Financing: Solar Energy

The cost of putting a solar energy system on your roof has decreased by two thirds in less than a decade. This means that getting power from the sun can be significantly cheaper than buying it from your local utility. However, investing in solar does more than lower your monthly bill—it creates jobs, reduces your carbon footprint, and reduces local air pollution. Though energy from the sun is free, home and building owners need a way to capture the rays. The energy is most often captured by solar PV systems; the one-time up-front cost can be intimidating (often more than $10,000). There are three primary ways to finance solar installations: leases, Power and Purchase Agreement (PPAs), and Loans.

 

Solar leasing employs a third-party ownership model; a company will often install a solar system on your roof for no money down. However, the homeowner agrees to make fixed, monthly payments to the company for 15 to 25 years. Though the company owns the solar panels on the roof, the homeowner gets all the electricity created by the system. This value is usually worth more than the monthly payments. Additionally, if you do not utilize all the energy generated by your solar panel, it is returned to the grid, and your utility will add an additional credit to your bill. However, the solar panel provider claims all state and federal incentives, using them to cover the cost of the equipment and installation. This is an excellent solution for those who do not want to pay a down payment, but most leases are structured to increase monthly payments each year.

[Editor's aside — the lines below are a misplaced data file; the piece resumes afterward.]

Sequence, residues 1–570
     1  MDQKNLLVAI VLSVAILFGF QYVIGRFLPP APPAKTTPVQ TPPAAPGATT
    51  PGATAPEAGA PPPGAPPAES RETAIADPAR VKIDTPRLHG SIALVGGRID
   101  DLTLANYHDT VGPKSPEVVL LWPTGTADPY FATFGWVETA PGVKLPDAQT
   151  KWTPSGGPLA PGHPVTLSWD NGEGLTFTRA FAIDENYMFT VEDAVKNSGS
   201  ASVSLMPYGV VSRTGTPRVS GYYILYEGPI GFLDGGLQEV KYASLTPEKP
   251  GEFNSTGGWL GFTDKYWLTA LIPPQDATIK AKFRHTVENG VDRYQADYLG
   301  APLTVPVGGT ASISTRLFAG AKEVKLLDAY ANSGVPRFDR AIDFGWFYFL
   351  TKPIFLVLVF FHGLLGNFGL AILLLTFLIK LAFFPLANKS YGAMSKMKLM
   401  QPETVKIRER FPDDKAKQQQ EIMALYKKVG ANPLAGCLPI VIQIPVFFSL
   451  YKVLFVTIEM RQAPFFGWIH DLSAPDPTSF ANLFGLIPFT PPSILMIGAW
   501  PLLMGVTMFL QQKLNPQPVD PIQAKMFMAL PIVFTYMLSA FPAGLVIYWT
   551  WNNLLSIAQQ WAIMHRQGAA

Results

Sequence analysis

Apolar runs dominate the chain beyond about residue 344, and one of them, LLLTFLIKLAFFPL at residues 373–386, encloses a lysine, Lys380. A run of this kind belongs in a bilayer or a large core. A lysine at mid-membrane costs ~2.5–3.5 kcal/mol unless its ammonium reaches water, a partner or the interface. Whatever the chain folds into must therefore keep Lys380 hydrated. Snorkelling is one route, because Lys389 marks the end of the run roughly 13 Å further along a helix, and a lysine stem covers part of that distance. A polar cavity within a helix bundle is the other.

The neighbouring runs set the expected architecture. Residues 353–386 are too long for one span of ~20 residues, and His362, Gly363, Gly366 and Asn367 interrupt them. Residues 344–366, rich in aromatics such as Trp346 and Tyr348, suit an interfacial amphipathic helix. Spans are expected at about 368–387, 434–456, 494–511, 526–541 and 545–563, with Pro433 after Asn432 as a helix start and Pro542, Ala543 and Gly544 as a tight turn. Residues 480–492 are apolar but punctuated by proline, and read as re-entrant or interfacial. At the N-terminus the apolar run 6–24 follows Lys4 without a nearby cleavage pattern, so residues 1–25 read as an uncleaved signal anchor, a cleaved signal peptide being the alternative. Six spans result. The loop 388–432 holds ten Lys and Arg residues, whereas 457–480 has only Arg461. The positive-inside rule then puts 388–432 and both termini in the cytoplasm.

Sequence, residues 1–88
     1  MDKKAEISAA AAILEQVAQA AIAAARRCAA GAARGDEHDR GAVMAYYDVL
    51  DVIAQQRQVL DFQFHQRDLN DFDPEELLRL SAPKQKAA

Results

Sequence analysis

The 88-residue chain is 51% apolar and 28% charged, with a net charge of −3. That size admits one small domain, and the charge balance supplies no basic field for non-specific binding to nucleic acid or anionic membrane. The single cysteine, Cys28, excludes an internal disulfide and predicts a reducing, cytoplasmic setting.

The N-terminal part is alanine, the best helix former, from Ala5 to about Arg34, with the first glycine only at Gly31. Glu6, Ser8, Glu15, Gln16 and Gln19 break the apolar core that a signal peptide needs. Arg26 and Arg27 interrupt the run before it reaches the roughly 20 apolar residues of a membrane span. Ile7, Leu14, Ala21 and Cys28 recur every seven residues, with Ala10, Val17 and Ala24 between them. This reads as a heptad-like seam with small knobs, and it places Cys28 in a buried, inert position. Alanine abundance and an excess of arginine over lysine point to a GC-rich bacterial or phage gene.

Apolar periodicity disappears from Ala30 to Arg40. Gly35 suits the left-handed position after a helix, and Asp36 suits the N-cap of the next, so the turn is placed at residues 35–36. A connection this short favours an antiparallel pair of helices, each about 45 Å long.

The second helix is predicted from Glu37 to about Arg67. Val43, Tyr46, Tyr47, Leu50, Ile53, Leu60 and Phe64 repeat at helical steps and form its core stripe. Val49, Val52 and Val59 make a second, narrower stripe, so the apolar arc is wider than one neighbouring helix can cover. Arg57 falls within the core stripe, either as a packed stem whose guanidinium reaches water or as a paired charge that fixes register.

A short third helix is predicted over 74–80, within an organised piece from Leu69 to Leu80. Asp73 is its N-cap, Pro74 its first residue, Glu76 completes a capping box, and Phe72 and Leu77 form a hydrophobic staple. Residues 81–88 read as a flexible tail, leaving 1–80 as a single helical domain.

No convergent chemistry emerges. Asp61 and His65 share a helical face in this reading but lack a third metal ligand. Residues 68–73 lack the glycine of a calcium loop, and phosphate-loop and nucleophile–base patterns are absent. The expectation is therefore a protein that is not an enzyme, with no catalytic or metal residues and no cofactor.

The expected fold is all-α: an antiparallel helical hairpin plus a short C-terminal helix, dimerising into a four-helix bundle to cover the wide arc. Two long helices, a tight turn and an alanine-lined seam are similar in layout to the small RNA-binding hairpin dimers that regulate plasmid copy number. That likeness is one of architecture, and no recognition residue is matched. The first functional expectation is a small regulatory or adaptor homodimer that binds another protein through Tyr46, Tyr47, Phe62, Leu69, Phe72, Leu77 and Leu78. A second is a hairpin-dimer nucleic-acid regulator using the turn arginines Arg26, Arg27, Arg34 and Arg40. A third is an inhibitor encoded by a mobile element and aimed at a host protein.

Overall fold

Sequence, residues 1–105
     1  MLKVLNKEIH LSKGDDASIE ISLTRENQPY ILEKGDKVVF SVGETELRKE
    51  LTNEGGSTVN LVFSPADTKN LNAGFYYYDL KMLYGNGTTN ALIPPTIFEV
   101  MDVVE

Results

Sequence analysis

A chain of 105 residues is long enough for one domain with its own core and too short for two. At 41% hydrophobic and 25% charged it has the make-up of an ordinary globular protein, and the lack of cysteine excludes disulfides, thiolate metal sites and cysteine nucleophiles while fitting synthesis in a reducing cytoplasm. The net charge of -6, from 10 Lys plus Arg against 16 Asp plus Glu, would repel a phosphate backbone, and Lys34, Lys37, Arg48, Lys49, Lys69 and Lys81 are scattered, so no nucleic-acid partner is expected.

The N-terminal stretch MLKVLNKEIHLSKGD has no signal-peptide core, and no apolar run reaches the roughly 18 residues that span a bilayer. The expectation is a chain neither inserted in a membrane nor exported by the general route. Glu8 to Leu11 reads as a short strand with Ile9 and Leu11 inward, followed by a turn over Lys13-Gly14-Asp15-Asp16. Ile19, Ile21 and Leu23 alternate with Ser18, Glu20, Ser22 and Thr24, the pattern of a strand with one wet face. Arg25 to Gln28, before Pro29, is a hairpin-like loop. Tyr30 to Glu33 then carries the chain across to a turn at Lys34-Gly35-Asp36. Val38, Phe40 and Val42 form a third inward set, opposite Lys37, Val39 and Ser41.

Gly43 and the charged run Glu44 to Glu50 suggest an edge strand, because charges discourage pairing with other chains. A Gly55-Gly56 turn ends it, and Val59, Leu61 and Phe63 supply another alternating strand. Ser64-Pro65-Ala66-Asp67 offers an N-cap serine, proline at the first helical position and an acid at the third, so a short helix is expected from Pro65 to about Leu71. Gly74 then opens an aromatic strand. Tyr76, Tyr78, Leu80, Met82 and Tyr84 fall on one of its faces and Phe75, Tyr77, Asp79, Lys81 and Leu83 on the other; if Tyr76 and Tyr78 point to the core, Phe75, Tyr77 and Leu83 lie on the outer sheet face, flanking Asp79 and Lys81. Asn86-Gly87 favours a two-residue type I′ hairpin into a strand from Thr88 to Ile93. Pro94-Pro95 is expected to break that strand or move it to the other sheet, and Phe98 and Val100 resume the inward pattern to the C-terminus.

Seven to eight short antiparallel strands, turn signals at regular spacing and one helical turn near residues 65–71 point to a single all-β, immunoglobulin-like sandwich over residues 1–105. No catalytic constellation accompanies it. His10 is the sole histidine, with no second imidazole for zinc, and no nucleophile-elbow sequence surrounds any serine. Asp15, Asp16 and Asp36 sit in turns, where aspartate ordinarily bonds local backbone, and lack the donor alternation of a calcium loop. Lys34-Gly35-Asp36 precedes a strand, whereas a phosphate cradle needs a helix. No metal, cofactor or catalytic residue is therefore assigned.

A Power Purchase Agreement (PPA) is another popular solar financing model. Similar to leases, a provider will install, manage, and maintain a solar system for no money down. However, rather than paying a monthly rate to rent the system, the homeowner pays for the energy generated at a fixed cost per kilowatt. There is no real change from current and popular methods of energy payment, but the price per kilowatt is generally less than what the local utility charges. Since you only pay a per kilowatt price, it is easier to calculate how much money you stand to save. However, there is no guarantee that you will have any financial savings in this model and beware of escalator clauses which will increase your payment over time. The solar company receives all rebates and tax incentives.

 

Loans are becoming an increasingly popular way to finance solar systems. Loans allow homeowners to own the panels on their roofs, which means they can utilize a greater share of the long-term financial benefits a solar system generates. Additionally, unlike rates with PPAs and leases, your rate will not increase over time. There is a range of loan options available depending on your current and future financial situation. However, as with all loans, the homeowners must calculate how much money they need to borrow and how fast they would like to pay it back.